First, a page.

Archive for Thursday, April 27, 2006

Auto collisions fuel senior’s career choice

April 27, 2006

It doesn't take skill to wreck a car, but to fix it takes more finesse than most people might realize.

"It really is an art," said Dennis Abernathy, a Lansing High School senior.

From the experience he's had in a vocational program at Kansas City Kansas Community College, he said he's learned that it takes a certain amount of talent to repair a vehicle that's been in a collision - for example, the body lines on some cars are more difficult realign than on others, he said.

Abernathy will graduate next month from LHS and plans to continue his education at Northeast Kansas Technical College in Atchison in the auto collision repair program.

The decision to work on cars for a living wasn't difficult for Abernathy.

"That's how I spend a lot of my time," he said.

He can't sit still for long and likes to work with his hands, he said, and he's "always had a fascination with cars." Now, he works with them in his vocational class, and he works on his own 1993 Chevy S-10 pickup truck. He straightened the body, repaired rust damage and painted it.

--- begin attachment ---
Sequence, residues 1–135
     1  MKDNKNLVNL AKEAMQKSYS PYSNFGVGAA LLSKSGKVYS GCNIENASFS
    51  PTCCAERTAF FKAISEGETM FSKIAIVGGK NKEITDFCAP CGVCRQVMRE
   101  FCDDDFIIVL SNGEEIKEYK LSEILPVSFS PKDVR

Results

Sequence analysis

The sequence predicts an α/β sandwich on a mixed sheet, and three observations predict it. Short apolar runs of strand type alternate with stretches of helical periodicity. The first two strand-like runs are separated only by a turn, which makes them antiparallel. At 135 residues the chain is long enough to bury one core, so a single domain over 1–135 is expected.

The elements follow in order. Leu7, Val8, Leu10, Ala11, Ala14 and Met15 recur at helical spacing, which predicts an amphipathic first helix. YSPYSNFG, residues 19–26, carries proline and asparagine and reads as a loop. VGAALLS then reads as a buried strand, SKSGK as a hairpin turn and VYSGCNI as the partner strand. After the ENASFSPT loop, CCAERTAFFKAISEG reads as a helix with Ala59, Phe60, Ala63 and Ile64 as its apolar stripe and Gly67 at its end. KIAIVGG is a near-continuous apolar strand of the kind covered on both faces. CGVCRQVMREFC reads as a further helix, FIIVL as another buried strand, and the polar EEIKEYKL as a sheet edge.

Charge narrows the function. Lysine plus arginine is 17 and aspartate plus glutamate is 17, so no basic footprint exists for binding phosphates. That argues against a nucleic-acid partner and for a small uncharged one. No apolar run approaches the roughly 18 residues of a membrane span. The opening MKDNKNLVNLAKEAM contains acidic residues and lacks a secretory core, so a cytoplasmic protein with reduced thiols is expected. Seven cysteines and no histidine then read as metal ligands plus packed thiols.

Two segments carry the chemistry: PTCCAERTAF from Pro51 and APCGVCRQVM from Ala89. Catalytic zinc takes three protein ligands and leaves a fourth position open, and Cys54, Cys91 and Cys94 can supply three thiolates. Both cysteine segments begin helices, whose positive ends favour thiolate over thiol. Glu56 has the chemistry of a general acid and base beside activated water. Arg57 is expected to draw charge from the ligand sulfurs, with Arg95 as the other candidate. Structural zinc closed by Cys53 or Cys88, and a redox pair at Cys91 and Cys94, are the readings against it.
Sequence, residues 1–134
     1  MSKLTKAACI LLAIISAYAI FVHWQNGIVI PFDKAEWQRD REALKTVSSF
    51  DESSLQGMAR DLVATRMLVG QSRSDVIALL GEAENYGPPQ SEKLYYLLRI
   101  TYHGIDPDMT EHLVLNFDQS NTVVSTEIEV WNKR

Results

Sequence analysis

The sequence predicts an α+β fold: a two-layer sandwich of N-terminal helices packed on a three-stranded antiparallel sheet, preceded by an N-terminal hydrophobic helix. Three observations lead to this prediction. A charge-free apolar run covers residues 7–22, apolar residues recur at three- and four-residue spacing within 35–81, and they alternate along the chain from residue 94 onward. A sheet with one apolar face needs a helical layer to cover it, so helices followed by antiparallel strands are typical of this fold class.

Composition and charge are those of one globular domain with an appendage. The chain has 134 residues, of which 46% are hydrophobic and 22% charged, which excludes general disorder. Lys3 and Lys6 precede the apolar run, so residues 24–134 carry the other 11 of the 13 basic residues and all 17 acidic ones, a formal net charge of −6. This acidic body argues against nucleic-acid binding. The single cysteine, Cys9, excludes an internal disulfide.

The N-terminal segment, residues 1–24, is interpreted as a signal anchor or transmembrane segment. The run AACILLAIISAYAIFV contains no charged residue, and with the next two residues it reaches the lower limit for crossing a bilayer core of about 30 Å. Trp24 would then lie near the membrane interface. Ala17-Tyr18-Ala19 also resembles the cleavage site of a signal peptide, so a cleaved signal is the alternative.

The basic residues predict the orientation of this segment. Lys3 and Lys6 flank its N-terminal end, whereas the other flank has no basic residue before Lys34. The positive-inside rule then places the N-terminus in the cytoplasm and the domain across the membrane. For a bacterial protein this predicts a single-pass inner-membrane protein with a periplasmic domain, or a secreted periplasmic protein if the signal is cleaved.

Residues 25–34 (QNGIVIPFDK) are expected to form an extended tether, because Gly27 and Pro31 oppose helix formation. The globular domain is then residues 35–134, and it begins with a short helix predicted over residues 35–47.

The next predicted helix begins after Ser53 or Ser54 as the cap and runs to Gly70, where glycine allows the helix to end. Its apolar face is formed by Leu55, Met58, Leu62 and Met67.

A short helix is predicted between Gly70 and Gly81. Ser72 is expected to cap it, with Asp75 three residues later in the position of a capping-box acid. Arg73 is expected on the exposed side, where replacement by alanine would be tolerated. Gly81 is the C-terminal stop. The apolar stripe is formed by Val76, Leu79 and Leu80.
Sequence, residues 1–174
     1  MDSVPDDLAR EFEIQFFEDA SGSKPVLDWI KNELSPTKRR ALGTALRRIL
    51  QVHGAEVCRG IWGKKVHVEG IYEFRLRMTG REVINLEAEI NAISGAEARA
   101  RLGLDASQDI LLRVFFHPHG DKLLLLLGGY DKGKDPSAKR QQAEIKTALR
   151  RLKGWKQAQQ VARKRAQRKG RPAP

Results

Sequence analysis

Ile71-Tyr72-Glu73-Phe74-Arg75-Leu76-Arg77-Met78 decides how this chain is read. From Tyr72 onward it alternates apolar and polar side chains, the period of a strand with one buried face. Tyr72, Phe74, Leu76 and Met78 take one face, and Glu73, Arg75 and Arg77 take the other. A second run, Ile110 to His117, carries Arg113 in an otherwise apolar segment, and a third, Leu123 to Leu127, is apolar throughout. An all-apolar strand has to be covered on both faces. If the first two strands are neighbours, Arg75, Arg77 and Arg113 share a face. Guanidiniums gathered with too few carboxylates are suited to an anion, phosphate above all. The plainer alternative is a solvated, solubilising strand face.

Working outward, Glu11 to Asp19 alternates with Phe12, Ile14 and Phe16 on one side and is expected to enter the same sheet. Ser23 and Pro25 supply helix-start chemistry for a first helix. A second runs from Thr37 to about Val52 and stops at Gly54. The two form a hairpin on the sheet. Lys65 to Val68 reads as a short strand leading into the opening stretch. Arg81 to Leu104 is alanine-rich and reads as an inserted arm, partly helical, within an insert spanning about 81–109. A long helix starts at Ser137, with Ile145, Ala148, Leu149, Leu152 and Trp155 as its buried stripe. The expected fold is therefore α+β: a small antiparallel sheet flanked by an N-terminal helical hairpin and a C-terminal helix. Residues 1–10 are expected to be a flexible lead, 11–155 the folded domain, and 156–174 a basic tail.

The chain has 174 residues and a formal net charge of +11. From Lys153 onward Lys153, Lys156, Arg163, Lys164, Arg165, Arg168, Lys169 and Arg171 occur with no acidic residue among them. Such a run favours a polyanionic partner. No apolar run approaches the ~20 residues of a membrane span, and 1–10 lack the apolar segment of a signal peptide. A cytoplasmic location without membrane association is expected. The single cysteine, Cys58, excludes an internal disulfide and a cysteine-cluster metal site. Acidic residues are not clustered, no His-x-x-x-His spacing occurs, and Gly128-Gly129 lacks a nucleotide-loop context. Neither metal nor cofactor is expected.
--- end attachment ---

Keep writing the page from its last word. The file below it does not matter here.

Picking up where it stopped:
Abernathy's goal, he said, is to work at a car dealership repair shop. Insurance companies usually send customers to dealerships first, and they offer the best benefits, he said.

He'll be able to work at a dealership as soon as he finishes school, Abernathy said, but he'll have to work his way up in rank within the shop.

Abernathy said his preference was for domestic models rather than imports, but on the whole, he's not a big fan of contemporary cars.

"Cars today are just plain : and plastic," he said.

He prefers "older muscle cars" like his favorite, the 1964 Chevelle. He likes the car's body lines, and that "it actually has chrome," he said.

Dennis Abernathy

Parents: Warren and Kelly Abernathy

Favorite teacher ever: Aaron Wecas, woodshop and drafting, Lansing High School

Best advice received: Do the best I can to make the most of everything.

What he'll miss most about high school: Being able to come see all my friends every day without having to face the real world.


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